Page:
Avoid Being Seen as a Shiksa: Jewish Traditions and Customs

Learn More About this Term for Non-Jewish Women

Shiksa is Yiddish slang for a woman who is not Jewish. It is always pejorative, and is most often used in reference to a non-Jewish woman who is partnered with a Jewish man. The pejorative aspect of the word is probably due with the fact that according to traditional Jewish law, someone is considered Jewish only if he was born of a Jewish mother. So in essence, the non-Jewish women, or shiksas, are depleting the stock of available Jewish men. 
That being said, Reform Judaism has softened this stance and considers the child of one Jewish parent Jewish if he was raised accordingly. Because dating and marrying outside of the faith is common these days, the existence of shiksas is a fact of life. Here are some tips on how you can avoid being seen as a shiksa in the worst sense of the word:

  1. Learn Jewish traditions and customs. Judaism is a culture rich in tradition, and the fact that many traditions carried on today have been practiced for approximately 4,000 years lends them a certain gravitas. Learn about Shabbat (the weekly day of rest), the Jewish holidays and High Holy Days. Explore the Torah and the cycle of the Torah (over the course of a year, the full Torah is read). Explore Jewish dietary laws and the Jewish calendar. Learn of the ceremonies that mark rites of passage, such as the Bar Mitvah that acknowledges the transition from childhood to adulthood. Learn of Jewish ethnic divisions, largely Ashkenazim and Sephardim, each of which has unique traditions of its own.
  2. shiksaLearn to say kiddush. Kiddush is the act of sanctifying the Jewish Sabbath or a Jewish holiday by saying blessings over (kosher) wine. To this day, everyone asks me how I learned kiddush (which is essentially a prayer written in Hebrew) and truth be told, it was not without a lot of effort. I wrote my own phonetic version and practiced it phrase by phrase. These days, you can find phonetic versions online. Here's one, courtesy of HanefeshCommunity: Bah-rooch ah-tah ah-do-nye eh-lo-hay-noo Meh-lech hah-oh-lahm, ash-sher kihd-shah-noo bih-mitz-voh-tahv vih-tzee-vah-noo, lih-hahd-lihk nair shell Sha-bat. Kiddush will make a lot more sense to you once you hear a group of people recite it together. Sometimes kiddush is sung, and I can't help you there!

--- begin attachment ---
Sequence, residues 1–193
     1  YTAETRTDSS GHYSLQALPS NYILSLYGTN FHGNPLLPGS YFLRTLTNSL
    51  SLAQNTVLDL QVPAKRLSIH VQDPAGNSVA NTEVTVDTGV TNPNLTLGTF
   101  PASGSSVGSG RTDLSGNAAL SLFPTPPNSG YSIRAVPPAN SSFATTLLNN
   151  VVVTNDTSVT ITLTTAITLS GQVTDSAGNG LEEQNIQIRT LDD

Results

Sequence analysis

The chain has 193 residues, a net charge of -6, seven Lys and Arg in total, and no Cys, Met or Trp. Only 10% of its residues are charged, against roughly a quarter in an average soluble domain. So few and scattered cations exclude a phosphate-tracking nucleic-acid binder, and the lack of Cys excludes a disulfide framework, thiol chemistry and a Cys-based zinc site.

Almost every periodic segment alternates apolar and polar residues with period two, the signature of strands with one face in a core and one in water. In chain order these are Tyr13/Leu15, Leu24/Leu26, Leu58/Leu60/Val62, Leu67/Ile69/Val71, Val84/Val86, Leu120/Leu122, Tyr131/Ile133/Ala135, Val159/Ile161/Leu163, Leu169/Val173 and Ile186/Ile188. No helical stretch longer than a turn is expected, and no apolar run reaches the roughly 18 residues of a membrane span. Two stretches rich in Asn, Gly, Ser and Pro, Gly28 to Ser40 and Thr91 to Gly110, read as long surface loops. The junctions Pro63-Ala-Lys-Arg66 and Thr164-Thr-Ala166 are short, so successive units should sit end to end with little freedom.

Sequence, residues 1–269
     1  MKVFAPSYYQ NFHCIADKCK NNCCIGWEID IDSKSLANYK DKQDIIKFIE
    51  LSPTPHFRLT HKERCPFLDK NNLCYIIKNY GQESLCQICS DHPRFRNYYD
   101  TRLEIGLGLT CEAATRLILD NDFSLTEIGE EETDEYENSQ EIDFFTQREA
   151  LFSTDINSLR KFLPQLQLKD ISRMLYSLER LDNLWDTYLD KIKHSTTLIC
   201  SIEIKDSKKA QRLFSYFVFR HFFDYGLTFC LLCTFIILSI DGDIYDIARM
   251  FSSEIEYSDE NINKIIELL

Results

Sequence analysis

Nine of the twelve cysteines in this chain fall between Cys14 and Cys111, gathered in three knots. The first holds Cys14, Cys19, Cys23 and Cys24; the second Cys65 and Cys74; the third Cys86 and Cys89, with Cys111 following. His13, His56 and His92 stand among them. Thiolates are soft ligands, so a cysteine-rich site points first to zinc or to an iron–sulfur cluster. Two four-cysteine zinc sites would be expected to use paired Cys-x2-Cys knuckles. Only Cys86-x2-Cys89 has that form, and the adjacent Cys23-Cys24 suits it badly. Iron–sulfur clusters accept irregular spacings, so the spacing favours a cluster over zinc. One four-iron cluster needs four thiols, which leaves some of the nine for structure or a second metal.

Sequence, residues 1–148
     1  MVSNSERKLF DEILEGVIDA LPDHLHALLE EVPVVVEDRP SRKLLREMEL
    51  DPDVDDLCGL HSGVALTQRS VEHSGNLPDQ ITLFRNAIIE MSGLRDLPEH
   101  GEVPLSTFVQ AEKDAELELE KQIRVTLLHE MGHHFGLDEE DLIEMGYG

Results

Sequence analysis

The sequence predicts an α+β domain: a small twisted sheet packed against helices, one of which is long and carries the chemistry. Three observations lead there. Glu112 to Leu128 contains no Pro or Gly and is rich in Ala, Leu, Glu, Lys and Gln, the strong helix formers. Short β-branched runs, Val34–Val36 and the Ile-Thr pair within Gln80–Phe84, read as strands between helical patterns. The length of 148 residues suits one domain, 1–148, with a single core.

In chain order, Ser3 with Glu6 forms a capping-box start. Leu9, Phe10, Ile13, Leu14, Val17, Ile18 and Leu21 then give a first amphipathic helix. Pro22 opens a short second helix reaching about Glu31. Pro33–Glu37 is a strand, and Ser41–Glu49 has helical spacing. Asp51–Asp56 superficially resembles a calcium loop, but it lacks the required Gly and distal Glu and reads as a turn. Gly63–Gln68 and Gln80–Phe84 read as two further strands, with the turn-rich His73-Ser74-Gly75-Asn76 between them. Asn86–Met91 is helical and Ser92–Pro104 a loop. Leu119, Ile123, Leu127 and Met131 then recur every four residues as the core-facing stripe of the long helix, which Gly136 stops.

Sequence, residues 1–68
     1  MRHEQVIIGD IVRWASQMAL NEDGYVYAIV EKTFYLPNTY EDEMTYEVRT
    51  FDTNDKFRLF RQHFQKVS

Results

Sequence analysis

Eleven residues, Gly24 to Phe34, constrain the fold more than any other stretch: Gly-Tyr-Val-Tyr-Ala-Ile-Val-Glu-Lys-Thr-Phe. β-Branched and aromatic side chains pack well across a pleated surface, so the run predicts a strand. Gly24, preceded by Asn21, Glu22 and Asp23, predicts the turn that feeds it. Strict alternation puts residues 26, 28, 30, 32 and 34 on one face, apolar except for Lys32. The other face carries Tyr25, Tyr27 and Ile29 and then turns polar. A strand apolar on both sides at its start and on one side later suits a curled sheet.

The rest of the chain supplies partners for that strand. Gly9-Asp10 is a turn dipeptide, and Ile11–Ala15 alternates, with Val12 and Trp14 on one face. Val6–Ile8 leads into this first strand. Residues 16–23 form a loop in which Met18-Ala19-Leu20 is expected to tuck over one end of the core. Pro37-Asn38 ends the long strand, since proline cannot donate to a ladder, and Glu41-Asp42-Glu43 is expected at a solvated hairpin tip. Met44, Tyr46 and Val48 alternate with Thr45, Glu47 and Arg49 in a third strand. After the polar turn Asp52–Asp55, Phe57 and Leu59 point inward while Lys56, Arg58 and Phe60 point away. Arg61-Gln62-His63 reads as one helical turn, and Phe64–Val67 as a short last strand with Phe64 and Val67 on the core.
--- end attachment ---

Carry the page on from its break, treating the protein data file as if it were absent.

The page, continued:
3. Celebrate the aspects of the Jewish culture that you admire. As in all matters, it is important that you be sincere. Find some aspect of Jewish culture that intrigues you. Fortunately, I found much to admire within the rituals, traditions and belief systems of Judaism -- for example the emphasis on family values, tradition, self-reflection, justice and charity. Do not try to take on belief systems that do not match your own, but find whatever it is within the faith that resonates with you, and celebrate it.
  4. Learn to make a mean matzoh ball soup. Food has always been a big part of Jewish culture and tradition. So while you're learning, learn to make some Jewish food standbys while you're at it. Find a Jewish grandmother who will show you how to make matzoh ball soup the long way -- it's a lot of work, but worth it! (Whatever you do, use schmaltz for the matzoh balls -- anything else and you will rightfully be branded a shiksa forever.) To this day I like to call my matzoh ball soup "Shiksa Soup," which I can get away with because it's good! Remember, it's hard to dislike someone who can make the perfect latke.

If you learn to honor the Jewish customs and culture that, as a shiksa, you are theoretically co-opting, anyone who calls you this term is really just a schmuck!

 

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